A visit to the Scottish Mountain Heritage Museum put together by Mick and Kathy Tighe is well worth the trip. Give them a call to make sure they will be around, before making the journey.
The collection of ancient mountaineering kit is considerable, fully archived and continues to grow. In fact, if anyone has any kit they no longer need or has been passed down from generations, Mick and Kathy would love to hear from you. Anything from old photos and books/magazines to clothing and hardwear is of interest.
Lochan Lundavra Is about as hard as it gets for a short ride locally. There and back, loads of up and down and steep grades. Very quiet though and some good countryside on the south side of the Mamores.
A very good day out with Sue, David Wilson and Coire. We caught a morning train out to Corrour and cycled on the very new and good estate tracks to Rannoch Station, where we caught an afternoon train home. Not very long, but a fair bit of uphill to start with and the track became very bumpy for the final third. Glorious late summer weather enhanced the trip, with views west from Ben Nevis to Glen Coe. A final Cherry on the top is the tea shop at Rannoch Station, not to be missed. The ladies are collecting for Nepal and David was able to hand over a fairly sizable donation.
Last weekend was spent in the English Lake District taking part in the Chris Walker Cycle Challenge and although the main event had been cancelled due to a lack of numbers, quite a few of us turned out, to both remember Chris and support this very worthwhile cause. Please have a look at the Chris Walker Trust and seriously consider donating a few quid. Many instructors/guides reading this will benefit from the free avalanche training days on offer through the various mountain training groups in the UK. The route we took can be viewed on this link. Fortunately it stayed dry and I can thoroughly recommend this little ‘spin’, even the 100 metres of Honister Pass, which I had to walk, pushing my bike! Cliff Smith and my daughter, Victoria came down and Colin Downer, who lives in Keswick came along to add to the ‘banter’.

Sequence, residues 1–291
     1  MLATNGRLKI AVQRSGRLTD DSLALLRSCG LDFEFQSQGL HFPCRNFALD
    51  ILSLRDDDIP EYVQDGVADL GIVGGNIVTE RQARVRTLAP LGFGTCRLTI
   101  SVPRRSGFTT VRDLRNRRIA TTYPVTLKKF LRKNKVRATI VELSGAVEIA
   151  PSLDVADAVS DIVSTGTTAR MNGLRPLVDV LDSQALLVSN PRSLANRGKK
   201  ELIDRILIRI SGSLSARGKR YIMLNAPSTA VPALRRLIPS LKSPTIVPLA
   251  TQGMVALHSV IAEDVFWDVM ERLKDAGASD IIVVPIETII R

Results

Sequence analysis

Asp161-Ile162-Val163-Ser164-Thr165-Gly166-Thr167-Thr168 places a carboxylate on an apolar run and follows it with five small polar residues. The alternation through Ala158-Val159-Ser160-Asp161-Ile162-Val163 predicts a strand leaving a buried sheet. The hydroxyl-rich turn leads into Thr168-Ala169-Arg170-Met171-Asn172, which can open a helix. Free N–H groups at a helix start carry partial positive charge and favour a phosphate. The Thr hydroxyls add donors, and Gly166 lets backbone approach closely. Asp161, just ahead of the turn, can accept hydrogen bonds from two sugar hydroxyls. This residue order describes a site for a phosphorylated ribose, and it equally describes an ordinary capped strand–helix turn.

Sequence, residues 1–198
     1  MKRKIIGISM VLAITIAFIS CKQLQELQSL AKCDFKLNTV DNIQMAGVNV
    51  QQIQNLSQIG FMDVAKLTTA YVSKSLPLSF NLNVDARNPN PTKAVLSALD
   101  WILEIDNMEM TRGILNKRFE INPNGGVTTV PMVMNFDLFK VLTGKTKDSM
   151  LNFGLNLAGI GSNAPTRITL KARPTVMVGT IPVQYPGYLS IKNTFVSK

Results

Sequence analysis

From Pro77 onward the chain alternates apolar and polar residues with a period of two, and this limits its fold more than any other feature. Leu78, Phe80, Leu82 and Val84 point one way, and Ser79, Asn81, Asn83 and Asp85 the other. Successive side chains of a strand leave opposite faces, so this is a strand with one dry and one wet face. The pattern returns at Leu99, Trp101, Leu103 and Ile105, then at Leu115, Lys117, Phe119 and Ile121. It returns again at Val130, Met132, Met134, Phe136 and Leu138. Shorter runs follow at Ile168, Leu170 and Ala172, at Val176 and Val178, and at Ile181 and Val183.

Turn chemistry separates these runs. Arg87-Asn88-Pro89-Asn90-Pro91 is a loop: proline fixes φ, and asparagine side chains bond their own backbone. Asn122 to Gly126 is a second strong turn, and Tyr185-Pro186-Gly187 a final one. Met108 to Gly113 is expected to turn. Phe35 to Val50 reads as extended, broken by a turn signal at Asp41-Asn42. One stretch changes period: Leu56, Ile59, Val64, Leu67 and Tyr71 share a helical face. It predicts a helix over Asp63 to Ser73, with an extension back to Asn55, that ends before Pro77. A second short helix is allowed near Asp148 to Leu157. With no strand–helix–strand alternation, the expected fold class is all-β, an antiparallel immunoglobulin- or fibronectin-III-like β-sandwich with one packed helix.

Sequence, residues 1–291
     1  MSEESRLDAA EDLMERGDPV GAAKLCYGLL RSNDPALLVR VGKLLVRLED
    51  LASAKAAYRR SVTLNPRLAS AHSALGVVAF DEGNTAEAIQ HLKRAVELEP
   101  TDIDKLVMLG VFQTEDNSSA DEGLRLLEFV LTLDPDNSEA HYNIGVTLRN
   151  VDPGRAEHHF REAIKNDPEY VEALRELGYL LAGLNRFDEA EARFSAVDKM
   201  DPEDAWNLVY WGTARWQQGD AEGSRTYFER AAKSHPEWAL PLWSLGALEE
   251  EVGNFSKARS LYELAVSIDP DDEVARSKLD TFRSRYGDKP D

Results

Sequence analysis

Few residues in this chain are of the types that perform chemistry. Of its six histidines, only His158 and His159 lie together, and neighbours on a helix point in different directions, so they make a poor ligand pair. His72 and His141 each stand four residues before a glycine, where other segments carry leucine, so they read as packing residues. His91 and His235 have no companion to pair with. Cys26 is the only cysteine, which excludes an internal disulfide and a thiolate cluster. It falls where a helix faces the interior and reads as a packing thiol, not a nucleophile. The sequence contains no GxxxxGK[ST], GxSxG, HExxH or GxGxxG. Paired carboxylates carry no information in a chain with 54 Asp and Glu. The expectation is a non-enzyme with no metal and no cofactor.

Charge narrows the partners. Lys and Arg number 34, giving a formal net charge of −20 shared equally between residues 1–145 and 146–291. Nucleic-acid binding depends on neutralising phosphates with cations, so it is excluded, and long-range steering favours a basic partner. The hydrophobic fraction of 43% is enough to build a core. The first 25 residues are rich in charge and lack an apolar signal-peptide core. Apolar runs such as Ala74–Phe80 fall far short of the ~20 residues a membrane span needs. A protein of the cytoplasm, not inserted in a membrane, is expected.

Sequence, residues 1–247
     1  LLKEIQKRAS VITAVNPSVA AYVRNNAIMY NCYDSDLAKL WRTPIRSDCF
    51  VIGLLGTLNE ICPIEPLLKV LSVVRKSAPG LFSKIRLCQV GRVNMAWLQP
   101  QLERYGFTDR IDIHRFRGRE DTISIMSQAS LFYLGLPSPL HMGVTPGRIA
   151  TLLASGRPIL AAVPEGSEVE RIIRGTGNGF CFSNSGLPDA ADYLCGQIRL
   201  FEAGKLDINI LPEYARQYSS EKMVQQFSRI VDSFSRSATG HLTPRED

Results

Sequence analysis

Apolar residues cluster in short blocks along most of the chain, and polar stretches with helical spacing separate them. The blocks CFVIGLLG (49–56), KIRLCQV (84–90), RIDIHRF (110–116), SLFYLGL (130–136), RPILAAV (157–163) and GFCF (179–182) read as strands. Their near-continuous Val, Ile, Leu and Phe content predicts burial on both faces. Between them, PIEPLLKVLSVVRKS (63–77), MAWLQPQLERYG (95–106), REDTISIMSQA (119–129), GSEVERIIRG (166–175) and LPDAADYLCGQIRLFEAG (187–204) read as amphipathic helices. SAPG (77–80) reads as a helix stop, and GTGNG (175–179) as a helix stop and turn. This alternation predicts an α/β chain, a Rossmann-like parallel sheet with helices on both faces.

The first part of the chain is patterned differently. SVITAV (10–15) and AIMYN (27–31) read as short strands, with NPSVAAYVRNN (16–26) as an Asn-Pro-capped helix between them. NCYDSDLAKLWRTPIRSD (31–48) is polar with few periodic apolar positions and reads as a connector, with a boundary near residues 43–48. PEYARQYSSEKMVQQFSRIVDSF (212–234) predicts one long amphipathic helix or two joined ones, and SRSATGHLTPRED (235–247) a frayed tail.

Off interest, we met Billy Bland, a local fell running legend, who keeps fit cycling up and down Honister Pass. So far this year he has made the trip 136 times and is aiming for 200. Our route took us up the more abrupt side of the pass from Borrowdale. The final descent of Whinlatter Pass towards Keswick was rather fast and exciting!
Before heading back north to Edinburgh we had a morning cragging at Bram Crag Quarry on the Sunday, where Colin has been bolting a variety of climbs. The easiest one we managed was around VS 4c and the hardest was probably E1 5b, although sports grades will probably be adopted in future. All are equipped with solid lower-offs as the top of the cliff is loose and horticultural.
My good friend David Wilson has been leading me astray recently! Making the most of a couple of good days weather, our cycling route from Fort William took us first to the Lochailort Inn for a quick pint, before an overnight at the Glenuig Inn The next day the Acharacle coffee and cake shops appeared closed until 1130 but salvation came at the refurbished Salen Hotel before a non-alcoholic lunch (?) in the pretty little village of Strontian A final pint at the Inn at Ardgour before heading over the Corran Ferry and running the gauntlet on the A82 back to Lime Tree for another final pint. I could get used to this form of cycle touring!
En route we met Graham cycling for road safety. Not just on bicycles, but all forms of transport. Needless to say Graham did not partake of any alcoholic beverage. His charity cycle aims to visit some of the extremes of mainland UK. Check out the link to his website here